Changez specifies that the load-shedding event to which he owes his scar was caused by a dry reservoir in winter, so we know that he's talking about nationally subsidized hydropower and not, to return to Daru's contrast in Moth Smoke, about the "guaranteed-profit, project-financed, imported oil-fired electricity projects" that supplement, and sometimes supplant it. The largest dam on the Indus also the largest earth-fill dam in the world is the Tarbela Dam, about 50 miles northwest of Islamabad. The dam is the location of Pakistan's largest reservoir. It was constructed not just with electricity in mind but also, crucially, irrigation and flood control: water and power. Changez's earlier reference to antiquity, "we the people of the Indus River," resonates in Pakistan's modern era through the turbines of the Tarbela. His scar demonstrates his kinship, via the dam, with Daru and Mumtaz from Moth Smoke. Their nostalgia for load-shedding is real but distilled through shame and rage. They share an ambivalent feel for infrastructure that is also a form of nationalism: a preference for bad, cheap public service over good, expensive private service and, at the same time, a call or a demand for better national infrastructure.

Water and Power Development Authority (WAPDA) of Pakistan Logo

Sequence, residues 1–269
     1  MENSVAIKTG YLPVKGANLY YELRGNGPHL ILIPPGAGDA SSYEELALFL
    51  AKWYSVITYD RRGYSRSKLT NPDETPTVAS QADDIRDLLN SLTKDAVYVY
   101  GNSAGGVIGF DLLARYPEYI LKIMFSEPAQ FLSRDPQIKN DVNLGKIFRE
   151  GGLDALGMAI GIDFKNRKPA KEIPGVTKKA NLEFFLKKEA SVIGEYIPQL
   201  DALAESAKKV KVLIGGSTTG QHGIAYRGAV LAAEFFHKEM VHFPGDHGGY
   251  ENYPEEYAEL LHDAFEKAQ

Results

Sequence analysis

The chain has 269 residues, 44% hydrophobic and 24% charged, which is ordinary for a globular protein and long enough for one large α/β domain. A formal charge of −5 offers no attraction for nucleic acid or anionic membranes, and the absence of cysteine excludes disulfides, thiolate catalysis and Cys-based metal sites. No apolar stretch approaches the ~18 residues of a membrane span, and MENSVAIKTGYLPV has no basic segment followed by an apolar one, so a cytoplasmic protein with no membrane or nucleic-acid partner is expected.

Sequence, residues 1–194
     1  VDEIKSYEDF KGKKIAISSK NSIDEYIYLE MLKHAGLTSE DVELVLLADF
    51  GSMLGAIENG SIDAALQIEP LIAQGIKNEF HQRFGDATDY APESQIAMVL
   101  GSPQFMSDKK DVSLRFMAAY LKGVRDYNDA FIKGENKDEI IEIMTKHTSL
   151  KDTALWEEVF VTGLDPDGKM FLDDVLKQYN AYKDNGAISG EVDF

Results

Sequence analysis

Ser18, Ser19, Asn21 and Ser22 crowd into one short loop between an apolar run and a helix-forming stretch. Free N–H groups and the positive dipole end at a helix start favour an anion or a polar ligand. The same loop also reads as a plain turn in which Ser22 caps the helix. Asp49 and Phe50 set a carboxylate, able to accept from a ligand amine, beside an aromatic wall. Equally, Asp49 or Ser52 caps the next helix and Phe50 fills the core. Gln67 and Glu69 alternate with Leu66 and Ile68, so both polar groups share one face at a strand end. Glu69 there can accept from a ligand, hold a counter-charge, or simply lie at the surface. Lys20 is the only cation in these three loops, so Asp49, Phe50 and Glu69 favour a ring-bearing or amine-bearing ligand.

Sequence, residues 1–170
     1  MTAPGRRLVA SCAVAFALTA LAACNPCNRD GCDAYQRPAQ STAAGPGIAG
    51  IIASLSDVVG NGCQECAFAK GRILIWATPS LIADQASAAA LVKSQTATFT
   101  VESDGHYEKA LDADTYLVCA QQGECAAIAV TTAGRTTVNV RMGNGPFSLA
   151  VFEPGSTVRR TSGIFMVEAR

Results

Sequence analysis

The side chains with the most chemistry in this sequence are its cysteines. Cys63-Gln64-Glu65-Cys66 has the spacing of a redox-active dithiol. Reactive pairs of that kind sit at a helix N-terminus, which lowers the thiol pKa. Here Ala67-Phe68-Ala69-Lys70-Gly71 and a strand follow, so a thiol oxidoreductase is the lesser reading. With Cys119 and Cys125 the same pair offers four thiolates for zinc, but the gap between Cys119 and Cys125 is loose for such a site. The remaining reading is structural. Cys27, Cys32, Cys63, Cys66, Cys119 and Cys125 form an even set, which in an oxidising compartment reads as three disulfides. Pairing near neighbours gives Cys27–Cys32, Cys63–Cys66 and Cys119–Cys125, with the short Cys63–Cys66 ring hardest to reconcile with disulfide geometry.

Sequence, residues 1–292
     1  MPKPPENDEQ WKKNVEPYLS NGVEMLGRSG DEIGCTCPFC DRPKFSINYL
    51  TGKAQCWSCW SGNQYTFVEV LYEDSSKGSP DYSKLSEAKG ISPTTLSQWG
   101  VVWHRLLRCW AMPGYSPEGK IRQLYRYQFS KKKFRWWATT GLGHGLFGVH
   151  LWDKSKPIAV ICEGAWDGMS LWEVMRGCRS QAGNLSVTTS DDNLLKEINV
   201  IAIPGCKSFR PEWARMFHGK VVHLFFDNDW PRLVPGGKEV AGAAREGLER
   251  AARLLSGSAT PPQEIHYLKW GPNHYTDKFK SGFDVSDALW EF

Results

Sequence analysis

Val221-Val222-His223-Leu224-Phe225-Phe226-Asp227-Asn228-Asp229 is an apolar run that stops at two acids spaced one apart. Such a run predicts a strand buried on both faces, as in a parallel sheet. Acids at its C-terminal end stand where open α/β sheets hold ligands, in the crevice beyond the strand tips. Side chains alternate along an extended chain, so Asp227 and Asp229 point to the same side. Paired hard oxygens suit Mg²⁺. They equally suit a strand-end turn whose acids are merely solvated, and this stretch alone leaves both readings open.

To read Changez's scar as an energy map is to read The Reluctant Fundamentalist against the generic norms of the realist novel. The scar becomes something rather magical, since it indexes the "is he or isn't he a terrorist?" question and that question's insolubility. It is a character  as in a letter of (under)development, a cipher of Pakistan's Water and Power Development Authority (WAPDA), their brutal logo. Whether or not the scar marks Changez as a terrorist, it does mark him as a developer, or, to recall the recent history of infrastructural development in the BRICs, a neo-developer. If Changez dissimulates anywhere in this passage, it may be when he claims, disingenuously, that the "source of my injury" is "rather prosaic." Electricity is only prosaic to the extent that one can take its existence for granted. That, of course, is not the case in a place with regularly occurring blackouts. Moreover, the scar itself is not prosaic: it is the physical instance of Mumtaz's nostalgia for load-shedding, a feeling strong enough to make her move back to Pakistan from New York - a feeling, in Changez's case, of rage, shame, and also connection that amounts to a great deal more than "merely" "an evening of crying." Its generic purview is not the realist novel in prose but rather the poetic domain of romance or epic. Changez's scar marks him as a political leader in the both the secular mode of the total or neo-developer, and in the epic-poetic mode of kingship. Changez, as Medovoi points out, is Urdu for Genghis Khan.46